The NAO found that while government funding covers £1,562 spending per participant in the social action programme, the actual cost for each of the 93,000 15- to 17-year-olds taking part during 2016 was £1,862.
To stay within budget, the NAO says costs need to fall by 29 per cent to £1,314 per young person by 2019.
A failure to meet participation targets was also highlighted as a major concern. In 2016, five of the nine providers "significantly missed" these targets and since 2010, none of the annual participation targets have been met.
If the current annual rate of increase is sustained, there would be only 213,000 participants in 2020/2021, significantly short of the 360,000 target for that year.
Providers told the NAO they were aware that they needed to invest more time in promotion through school assemblies and other direct contact, but "this created additional costs, which could outweigh the payments received".
Contracts with providers were on a payment-by-results basis to fill places, but the NAO found around £10m had been given to them for places that were not filled, although there are plans to recover these costs.
The contracts were also not explicit enough in incentivising providers to meet the aims of the NCS to boost social responsibility and engagement among young people.
NAO head Amyas Morse called on the Office for Civil Society (OCS) and NCS Trust - which manages the scheme - to "think radically about the aspects of the current programme that work and how best to achieve the NCS's aims at a more affordable cost to the taxpayer".
Despite concerns around funding and low take-up, the NAO acknowledged that young people taking part had been positive about their experience, with 84 per cent who were surveyed in 2015 saying they would recommend it to others.
Morse added: "NCS is now at a critical stage. The OCS and the trust have shown that NCS can attract large numbers of participants, and participation has a positive effect on young people. These are no small achievements, but it remains unclear whether these effects are enduring and whether NCS can grow to become 'a rite of passage' available to all 16- to 17-year-olds."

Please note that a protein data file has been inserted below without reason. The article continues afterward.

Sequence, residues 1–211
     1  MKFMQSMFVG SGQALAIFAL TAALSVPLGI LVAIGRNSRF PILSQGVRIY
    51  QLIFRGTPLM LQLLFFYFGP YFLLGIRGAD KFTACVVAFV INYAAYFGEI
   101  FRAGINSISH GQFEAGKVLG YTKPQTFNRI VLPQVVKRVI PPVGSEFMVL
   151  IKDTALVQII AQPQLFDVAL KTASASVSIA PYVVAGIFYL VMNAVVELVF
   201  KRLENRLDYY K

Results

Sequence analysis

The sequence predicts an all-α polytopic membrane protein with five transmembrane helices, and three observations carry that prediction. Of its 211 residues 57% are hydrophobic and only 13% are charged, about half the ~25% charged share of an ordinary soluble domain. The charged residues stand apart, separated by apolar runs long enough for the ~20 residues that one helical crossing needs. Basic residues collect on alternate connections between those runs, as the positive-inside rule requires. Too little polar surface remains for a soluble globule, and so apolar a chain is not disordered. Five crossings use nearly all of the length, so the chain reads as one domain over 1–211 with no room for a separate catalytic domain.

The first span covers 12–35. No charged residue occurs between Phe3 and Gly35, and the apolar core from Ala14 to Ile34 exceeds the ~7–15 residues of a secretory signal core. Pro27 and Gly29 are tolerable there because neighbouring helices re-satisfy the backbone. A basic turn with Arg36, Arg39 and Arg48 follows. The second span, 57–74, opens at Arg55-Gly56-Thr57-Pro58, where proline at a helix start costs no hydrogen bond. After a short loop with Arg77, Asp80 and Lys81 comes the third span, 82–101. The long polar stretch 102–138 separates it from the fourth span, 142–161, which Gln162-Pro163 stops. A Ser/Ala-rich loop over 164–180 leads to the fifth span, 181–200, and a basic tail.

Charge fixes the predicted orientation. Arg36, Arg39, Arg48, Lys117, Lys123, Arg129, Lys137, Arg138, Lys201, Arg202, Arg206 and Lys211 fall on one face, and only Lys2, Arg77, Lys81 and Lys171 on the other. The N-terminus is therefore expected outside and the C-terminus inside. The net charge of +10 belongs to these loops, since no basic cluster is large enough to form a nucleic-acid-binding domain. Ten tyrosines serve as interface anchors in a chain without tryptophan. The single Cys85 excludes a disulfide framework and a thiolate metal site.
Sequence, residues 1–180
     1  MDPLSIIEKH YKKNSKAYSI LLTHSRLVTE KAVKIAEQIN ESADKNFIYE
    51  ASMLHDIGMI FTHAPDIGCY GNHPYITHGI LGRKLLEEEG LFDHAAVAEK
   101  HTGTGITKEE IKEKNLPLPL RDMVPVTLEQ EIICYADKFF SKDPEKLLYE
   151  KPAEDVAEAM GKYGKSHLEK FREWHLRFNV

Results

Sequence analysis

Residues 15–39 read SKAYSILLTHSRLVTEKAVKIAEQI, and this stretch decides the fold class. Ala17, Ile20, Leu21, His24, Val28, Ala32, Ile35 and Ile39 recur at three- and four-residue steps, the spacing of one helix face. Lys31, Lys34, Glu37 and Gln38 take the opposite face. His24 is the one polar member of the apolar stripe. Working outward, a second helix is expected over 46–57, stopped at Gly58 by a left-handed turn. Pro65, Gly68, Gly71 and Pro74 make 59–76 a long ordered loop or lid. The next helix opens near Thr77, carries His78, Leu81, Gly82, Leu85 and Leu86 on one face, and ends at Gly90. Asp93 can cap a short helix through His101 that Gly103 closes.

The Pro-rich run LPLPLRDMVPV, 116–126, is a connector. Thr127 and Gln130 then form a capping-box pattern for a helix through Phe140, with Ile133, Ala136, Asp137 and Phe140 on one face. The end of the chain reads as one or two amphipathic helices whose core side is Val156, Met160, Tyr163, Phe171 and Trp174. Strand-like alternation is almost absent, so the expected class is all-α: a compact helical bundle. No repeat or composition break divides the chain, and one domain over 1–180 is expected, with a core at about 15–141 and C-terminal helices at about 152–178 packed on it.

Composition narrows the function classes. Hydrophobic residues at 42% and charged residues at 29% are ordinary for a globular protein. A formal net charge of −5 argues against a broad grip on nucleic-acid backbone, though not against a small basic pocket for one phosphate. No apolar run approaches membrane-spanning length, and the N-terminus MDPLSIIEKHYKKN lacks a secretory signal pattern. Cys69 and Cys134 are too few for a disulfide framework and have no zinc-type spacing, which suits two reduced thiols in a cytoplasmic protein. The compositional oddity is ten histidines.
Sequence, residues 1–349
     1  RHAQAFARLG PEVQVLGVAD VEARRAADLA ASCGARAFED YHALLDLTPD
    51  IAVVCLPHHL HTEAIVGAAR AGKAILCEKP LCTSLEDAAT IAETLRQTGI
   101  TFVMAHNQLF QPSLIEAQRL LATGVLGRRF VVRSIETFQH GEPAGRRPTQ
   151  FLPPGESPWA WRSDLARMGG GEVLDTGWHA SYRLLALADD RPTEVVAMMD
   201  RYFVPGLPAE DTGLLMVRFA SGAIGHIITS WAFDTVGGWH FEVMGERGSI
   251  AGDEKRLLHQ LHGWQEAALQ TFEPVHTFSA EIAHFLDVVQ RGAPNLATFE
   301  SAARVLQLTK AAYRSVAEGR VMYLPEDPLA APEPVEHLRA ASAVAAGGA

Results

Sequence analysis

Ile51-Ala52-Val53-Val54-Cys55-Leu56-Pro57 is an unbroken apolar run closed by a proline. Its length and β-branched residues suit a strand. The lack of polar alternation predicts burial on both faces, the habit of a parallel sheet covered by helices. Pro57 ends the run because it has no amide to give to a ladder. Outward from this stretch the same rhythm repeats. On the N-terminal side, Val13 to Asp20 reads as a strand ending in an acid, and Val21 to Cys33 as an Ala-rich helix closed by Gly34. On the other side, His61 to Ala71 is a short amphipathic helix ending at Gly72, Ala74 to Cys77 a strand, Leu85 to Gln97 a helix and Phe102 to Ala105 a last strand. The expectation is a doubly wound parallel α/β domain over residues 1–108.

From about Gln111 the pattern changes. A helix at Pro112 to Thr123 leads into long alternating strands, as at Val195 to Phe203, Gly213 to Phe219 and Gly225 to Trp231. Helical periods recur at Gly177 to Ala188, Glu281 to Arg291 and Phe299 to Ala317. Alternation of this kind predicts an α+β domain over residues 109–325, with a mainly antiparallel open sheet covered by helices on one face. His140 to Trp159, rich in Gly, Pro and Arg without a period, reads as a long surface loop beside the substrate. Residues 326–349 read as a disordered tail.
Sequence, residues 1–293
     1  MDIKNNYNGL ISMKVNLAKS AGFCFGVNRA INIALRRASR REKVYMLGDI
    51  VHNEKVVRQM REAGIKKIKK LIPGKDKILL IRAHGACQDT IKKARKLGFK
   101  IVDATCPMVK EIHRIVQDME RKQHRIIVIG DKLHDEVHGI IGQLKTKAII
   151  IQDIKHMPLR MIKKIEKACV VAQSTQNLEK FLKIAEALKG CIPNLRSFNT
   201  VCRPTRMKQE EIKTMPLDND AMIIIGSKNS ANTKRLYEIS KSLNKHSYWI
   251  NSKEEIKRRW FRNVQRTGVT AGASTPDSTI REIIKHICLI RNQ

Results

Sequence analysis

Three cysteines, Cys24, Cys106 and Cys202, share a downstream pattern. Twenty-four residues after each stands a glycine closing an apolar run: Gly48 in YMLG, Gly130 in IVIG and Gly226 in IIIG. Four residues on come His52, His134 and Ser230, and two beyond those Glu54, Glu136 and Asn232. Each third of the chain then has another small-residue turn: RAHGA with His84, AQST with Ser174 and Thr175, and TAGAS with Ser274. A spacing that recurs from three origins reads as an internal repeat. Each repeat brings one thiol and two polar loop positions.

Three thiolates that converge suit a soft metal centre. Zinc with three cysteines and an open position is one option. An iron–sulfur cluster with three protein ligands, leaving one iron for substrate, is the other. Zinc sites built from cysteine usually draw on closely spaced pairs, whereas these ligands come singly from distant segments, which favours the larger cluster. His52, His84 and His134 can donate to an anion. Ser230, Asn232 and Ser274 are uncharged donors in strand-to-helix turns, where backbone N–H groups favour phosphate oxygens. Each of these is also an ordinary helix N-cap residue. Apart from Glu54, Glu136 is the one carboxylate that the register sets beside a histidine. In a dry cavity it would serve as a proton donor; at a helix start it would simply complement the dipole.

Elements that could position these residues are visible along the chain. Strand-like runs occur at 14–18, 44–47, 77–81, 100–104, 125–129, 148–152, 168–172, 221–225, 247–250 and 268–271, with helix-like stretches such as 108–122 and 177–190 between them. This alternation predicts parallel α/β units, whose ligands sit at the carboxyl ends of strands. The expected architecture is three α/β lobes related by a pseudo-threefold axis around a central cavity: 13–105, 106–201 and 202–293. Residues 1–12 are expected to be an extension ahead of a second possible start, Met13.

Meg Hillier, chair of the public accounts select committee, said: "With the National Citizen Service costing the public purse almost £2,000 per participant, and its ambitious growth targets having been repeatedly missed, it is difficult to see how it will be sustainable in the long term."
The government has committed £1.26bn of funding for the NCS up to 2020 and by 2015/16, £443m had already been spent.
A Department for Culture, Media and Sport spokesman said: "More than 300,000 young people have taken part in National Citizen Service so far, with the programme improving lives, strengthening communities and helping build a society that works for all.
"We want all young people to participate in social action and start a lifelong commitment to volunteering. The ambitious targets set have helped drive the rapid growth of the programme and we want to keep up this momentum and for the NCS to become a rite of passage for all young people.
"We are completely committed to ensuring value for money and will continue to work with the NCS Trust on this and the programme's continued expansion.
"The NCS Bill, before the House of Commons, will also further strengthen the governance and accountability of the NCS Trust. The government will carefully consider the findings of the NAO report and respond in due course."
Michael Lynas, chief executive of NCS, said: "The NAO credits the positive impact that the programme has on the young people who take part, which has been shown to endure in independent evaluations. The report notes that NCS has grown rapidly from 158 young people in 2009 to reach over 93,000 young people in 2016. The NAO draws attention to the diverse mix of backgrounds on NCS programmes with a higher proportion of people from disadvantaged backgrounds than the general population.
"NCS Trust is proud of these achievements which are a credit to the 300,000 young people who have had life changing experiences on NCS, and the network of hundreds of youth, charity and voluntary sector organisations that make the programme happen in communities up and down our country. While doing this, our network has reduced the cost of delivering the programme and we have remained inside our budget.
"We are grateful to the NAO for their recommendations, which will help us to strengthen our organisation so we can reach more young people, deepen our long-term impact and deliver even greater value for money."
The NCS - seen as a flagship initiative of former Prime Minister David Cameron - first launched in 2011. The aim is that eventually every teenager in England will get the chance to take part.